The 30-Year Journey to AMC’s Groundbreaking Native American Drama ‘Dark Winds’

Can’t wait to watch this one! ~ V

How indigenous talent, including star Zahn McClarnon, teamed with George R.R. Martin and Robert Redford to adapt Tony Hillerman’s best-selling series — and potential franchise — at last.

Nine miles outside Santa Fe, New Mexico, in the red-brown foothills of the Sangre de Cristo Mountains, is an old casino surrounded by curious artifacts. A crashed helicopter, a couple of 1970s-era police cars and some dome-shaped dwellings dot the landscape of sandstone bluffs and savannah grasslands. This land belongs to the Tesuque Pueblo people, a small tribe of just under 800 that moved here in 1694 after they waged an uprising against Spanish colonizers in the region.

Today the Tesuque land is home to a different kind of revolution, a cultural one. The tribe has converted their former casino into the first Native American-owned film and TV studio, Camel Rock Studios. And among the first productions to shoot there is perhaps the most ambitious Native-led TV show ever made, the new AMC drama Dark Winds, which is based on the best-selling Tony Hillerman mystery novels that feature a pair of Navajo tribal police detectives.

“I’ve been [acting] since the early ’90s, and it’s been a struggle the whole way through,” says Zahn McClarnon, a Lakota actor best known for his supporting roles on shows like Fargo and Westworld, who plays Detective Joe Leaphorn in Dark Winds. “I’m really glad that I’ve stuck out this business and that I’m finally seeing this stuff come to fruition with having Native writers, Native crew, Native talent and Native directors and producers. We’re in a unique time.”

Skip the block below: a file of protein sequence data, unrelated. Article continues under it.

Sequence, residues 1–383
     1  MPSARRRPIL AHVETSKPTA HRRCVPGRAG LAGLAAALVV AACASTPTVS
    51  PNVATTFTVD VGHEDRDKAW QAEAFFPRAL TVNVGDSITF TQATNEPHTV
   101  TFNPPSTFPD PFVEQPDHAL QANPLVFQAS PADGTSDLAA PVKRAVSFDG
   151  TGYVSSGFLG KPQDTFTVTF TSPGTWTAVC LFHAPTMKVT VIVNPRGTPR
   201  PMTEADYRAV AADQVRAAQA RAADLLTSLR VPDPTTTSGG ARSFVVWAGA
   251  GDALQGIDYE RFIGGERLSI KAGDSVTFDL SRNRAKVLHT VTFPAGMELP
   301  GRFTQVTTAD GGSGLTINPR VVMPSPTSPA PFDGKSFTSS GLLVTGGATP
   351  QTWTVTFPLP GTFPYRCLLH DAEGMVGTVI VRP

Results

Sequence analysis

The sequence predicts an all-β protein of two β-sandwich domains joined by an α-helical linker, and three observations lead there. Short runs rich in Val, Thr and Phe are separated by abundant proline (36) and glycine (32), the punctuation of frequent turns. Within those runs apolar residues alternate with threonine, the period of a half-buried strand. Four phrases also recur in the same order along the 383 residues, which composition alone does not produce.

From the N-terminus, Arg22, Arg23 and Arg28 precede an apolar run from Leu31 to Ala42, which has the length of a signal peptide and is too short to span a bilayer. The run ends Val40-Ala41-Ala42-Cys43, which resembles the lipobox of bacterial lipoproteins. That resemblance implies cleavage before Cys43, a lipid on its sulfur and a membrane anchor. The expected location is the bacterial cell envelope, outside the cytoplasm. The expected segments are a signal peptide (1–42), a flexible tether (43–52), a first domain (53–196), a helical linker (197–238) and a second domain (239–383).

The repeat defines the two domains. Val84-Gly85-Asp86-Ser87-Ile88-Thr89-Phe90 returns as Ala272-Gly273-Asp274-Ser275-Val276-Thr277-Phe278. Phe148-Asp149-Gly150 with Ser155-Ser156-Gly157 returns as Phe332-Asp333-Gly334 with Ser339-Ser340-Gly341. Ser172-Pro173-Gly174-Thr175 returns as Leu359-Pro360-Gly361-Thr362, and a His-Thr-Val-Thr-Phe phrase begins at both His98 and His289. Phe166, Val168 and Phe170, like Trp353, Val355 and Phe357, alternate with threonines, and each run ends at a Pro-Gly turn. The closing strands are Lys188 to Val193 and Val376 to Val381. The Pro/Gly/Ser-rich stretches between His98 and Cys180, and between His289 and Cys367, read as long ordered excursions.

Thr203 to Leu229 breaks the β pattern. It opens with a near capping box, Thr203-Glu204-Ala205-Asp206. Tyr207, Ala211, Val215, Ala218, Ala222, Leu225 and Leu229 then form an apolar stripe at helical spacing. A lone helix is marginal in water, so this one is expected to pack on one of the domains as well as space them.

Dark Winds, which premieres June 12 on AMC and AMC+, is executive produced by Robert Redford, who acquired the rights to Hillerman’s books in 1986, and George R.R. Martin, who was the mystery writer’s friend from 1980 until Hillerman’s death in 2008.

The $5 million-an-episode show is filmed in three different sovereign nations, written by a writers room of five Indigenous writers, primarily directed by filmmaker Chris Eyre — of the Cheyenne and Arapaho tribes, he is best known for his 1998 film Smoke Signals — produced by Graham Roland (Chickasaw), shot by a crew that is 85 percent Native American and starring actors McClarnon, Kiowa Gordon (Hualapai) as Detective Jim Chee and Jessica Matten (Red River Metis-Cree) as Sergeant Bernadette Manuelito, a character the Dark Winds writers expanded from the books.


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